Underworld encounters: later prehistoric funerary rites at Covesea Caves Free to students and members or £2 on the door
The Sculptor’s Cave, Covesea, on the south shore of the Moray Firth takes its name from the enigmatic Pictish symbols carved around its entrance walls.
These symbols, however, mark the end of more than a millennium of funerary and religious activity stretching from the Late Bronze Age to the Roman Iron Age. Recent fieldwork suggests that the Sculptor’s Cave was by no means unique; in fact it was just one of a series of caves that together formed a coastal mortuary landscape with its origins in the Early Bronze Age or even earlier.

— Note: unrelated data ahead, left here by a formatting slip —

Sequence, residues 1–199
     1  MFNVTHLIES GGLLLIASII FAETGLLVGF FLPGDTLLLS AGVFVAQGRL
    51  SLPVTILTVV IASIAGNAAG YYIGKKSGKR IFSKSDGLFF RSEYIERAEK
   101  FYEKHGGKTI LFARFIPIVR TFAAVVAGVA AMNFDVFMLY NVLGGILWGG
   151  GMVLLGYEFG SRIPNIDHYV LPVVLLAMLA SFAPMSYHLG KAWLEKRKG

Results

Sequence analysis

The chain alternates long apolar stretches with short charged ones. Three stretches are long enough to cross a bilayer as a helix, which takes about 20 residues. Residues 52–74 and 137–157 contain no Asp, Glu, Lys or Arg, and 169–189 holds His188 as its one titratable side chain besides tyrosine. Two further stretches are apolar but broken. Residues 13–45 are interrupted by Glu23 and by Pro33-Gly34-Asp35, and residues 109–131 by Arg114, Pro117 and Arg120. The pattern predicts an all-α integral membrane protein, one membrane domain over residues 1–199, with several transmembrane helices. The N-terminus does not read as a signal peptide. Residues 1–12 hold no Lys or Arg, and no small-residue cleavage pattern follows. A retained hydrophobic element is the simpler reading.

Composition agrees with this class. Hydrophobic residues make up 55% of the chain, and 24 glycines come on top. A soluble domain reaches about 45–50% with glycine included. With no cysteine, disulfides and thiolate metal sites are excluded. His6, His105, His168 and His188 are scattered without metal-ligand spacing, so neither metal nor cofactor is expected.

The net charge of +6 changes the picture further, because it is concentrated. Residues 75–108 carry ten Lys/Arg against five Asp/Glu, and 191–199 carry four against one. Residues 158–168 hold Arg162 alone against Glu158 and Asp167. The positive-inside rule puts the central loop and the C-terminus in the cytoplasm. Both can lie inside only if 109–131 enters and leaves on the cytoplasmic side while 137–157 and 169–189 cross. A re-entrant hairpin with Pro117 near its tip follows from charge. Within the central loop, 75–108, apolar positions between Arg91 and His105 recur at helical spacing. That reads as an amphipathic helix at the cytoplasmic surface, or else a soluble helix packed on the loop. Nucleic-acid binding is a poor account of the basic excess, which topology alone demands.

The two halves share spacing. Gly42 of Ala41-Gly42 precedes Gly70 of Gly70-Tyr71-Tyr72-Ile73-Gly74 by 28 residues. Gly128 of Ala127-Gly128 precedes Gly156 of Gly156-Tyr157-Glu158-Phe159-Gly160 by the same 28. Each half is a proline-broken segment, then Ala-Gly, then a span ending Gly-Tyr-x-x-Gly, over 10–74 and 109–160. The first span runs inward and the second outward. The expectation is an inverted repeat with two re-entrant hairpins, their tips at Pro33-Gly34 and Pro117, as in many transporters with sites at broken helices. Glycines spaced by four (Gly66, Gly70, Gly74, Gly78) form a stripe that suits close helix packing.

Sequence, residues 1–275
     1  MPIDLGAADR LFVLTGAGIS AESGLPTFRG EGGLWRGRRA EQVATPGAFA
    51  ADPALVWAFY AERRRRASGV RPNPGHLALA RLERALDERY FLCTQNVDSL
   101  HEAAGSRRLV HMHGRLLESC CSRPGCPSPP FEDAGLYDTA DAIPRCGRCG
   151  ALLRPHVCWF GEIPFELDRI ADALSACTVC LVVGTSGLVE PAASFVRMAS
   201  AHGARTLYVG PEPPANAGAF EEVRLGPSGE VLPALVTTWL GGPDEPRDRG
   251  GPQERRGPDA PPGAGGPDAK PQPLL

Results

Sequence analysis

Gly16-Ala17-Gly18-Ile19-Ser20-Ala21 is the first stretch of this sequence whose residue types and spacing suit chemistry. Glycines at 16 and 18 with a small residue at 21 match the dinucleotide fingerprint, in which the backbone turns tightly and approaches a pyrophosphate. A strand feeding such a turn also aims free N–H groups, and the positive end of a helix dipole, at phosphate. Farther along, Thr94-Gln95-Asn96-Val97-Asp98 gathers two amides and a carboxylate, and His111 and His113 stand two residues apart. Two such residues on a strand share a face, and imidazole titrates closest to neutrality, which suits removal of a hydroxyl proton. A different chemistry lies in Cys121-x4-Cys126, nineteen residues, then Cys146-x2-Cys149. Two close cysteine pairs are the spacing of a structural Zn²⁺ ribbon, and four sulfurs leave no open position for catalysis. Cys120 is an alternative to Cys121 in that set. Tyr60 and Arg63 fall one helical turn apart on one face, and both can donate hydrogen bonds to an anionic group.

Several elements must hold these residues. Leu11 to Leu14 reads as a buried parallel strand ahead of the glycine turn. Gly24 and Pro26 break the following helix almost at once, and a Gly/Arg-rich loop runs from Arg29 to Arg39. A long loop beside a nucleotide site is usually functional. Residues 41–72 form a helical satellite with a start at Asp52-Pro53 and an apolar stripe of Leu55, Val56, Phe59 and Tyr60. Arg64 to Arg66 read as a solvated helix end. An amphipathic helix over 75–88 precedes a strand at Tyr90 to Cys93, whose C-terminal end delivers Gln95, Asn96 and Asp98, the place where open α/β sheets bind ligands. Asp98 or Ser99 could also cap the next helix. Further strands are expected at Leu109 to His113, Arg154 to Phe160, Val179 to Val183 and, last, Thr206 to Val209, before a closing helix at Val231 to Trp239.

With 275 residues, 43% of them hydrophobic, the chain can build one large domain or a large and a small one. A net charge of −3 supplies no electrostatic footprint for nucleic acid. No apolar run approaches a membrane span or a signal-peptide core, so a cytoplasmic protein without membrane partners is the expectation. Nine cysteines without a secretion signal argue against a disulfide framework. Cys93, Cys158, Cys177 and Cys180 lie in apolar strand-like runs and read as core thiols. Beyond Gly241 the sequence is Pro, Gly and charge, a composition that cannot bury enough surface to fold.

This talk presents the results of recent work and examines the broader significance of the Covesea Caves.